Blair-Bell 7: Dirt and disarray!

This blog covers the end of this first stage in providing a comprehensive catalogue to the papers of Professor William Blair-Bell held here at the RCOG. This part of the project looked at material originally catalogued and referenced S1, and is composed of records bought by the College at auction in 1986. Catalogue descriptions consisted of only a title and date, while four of the boxes had no kind of description or packaging, and have benefitted from some provisional cleaning and flattening out and repackaging.

Copyright of the RCOG

As the dirt increased among the pages, many being uncovered for the first time since they had been trundled away into archive boxes and placed sheepishly on the shelves, so did the delight in finding records dating back a century or more. A notebook with ‘W B Bell, Rossall, Chemistry’ on the fly-leaf indicated that Professor Blair-Bell clung to some of the teachings of his schooldays at Rossall School, Fleetwood, Lancashire, completing the chemistry notes which he had started as a schoolboy with research notes of his own as a medical student at King’s College Hospital. Am I the only one to think it is incredible to see the teenage writing of our first President?

The notebooks and reams of papers among the last boxes of material relate to Professor Blair-Bell’s research work. A volume entitled ‘Note Book kept for Dr Blair Bell’ contains details of tests on hospital patients and cats between 1911 and 1912, analysing urine samples and fluid from ovarian cysts, while another looks at cases of fibrin ferment and fibrinogen and shows the result of removal of ovaries and thyroid from cats (1912-1913). This work is all documented and brought together in Blair-Bell’s book ‘The Sex Complex’, published in 1916, which provided a consideration of the factors leading to the production and maintenance of the normal characteristics and functions of women.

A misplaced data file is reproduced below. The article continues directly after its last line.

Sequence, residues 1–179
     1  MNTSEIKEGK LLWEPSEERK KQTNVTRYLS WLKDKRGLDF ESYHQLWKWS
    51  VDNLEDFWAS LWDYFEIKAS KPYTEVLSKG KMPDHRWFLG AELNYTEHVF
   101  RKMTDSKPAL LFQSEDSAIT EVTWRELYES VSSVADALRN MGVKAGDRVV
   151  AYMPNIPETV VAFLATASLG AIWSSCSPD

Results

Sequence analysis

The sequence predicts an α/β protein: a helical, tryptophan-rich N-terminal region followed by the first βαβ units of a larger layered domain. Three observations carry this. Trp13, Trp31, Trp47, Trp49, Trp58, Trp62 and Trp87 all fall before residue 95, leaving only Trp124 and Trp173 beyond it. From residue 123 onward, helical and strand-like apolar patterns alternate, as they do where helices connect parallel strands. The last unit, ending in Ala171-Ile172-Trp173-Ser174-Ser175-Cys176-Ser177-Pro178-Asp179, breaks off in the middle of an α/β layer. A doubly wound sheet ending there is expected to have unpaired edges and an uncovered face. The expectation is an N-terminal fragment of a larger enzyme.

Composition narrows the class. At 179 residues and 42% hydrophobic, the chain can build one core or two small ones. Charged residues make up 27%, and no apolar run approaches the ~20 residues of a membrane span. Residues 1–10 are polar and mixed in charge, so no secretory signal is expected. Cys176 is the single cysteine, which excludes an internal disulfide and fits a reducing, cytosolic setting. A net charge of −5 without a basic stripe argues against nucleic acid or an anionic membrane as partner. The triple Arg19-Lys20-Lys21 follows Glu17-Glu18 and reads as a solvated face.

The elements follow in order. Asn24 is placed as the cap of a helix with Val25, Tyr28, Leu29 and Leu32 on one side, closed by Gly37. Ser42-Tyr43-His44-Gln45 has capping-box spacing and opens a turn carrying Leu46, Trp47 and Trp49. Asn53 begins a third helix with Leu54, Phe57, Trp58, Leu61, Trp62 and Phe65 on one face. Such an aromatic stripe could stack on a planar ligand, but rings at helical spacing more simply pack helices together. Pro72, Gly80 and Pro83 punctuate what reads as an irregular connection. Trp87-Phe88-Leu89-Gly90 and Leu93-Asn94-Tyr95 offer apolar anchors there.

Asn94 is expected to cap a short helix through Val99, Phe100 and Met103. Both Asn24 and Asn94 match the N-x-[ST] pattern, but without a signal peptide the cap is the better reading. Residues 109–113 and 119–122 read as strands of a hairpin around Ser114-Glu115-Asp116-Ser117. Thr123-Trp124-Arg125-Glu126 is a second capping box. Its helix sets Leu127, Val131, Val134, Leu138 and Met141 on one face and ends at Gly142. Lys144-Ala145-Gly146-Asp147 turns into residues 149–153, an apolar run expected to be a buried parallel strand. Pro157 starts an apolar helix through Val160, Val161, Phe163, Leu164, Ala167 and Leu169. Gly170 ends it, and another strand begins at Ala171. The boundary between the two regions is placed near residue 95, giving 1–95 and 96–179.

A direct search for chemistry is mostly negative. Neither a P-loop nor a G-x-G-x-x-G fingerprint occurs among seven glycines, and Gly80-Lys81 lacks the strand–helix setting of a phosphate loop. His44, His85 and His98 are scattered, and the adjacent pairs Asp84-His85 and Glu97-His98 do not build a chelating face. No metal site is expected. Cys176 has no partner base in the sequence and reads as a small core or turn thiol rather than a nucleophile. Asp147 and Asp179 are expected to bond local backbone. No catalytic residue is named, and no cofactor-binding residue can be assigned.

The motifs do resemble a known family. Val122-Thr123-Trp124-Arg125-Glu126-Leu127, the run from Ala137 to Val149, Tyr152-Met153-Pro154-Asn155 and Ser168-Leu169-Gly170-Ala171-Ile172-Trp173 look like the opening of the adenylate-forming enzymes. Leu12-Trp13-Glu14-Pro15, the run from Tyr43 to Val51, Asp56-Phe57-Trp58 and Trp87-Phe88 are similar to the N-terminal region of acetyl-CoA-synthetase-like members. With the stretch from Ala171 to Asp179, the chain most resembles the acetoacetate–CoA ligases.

Later notes kept between 1921 and 1925 include records of treatment for cancer using lead solutions, with details of attempts to prepare a lead solution and observations made during laboratory tests. Blair-Bell’s research into the use of lead in the treatment of cancer was extensive between 1921 and 1931, and was aided by the establishment of the Liverpool Medical Research Organisation, and although the experiments were ultimately viewed as a failure, his work on epidemiological factors as causes of cancer, and the importance of prevention clinics, marks him out as pioneer in a steadily growing line of research and therapy.

‘…the action of lead on cancer is a chemical nature. The lead, or rather the lead ion, is said to enter into combination with the phosphatids, particularly with locathin, which occurs abundantly in cancer cells, and the compound formed is said to arrest the development of the cells.’ So wrote Blair-Bell during the 1920s, following this up with a statistical analysis of cancer mortality among lead workers in Paris which somehow fails to impress the reader with the power of lead as a cure for cancer!

I worked on maintaining and improving the condition of this material, and also tried to bring notes and research papers back into the original order, using guess works to match notepaper. However, the biggest difficulty came at the end of the project. Do I impose some kind of logical arrangement on the series or leave it as one long list? Do I pander to my own sense of neatness, arguing that an arrangement will make the catalogue easier to understand for users? And if so, what kind of arrangement should it be? In time periods? By subject?

Initial thoughts are to group the papers into loose headings of ‘personal papers’, ‘cancer treatment’, and ‘case books ’and so on. It will be interesting to see how the other collections of papers will correspond with these groupings. Watch this space for more treats to be discovered!

By Penny Hutchins, RCOG Archivist

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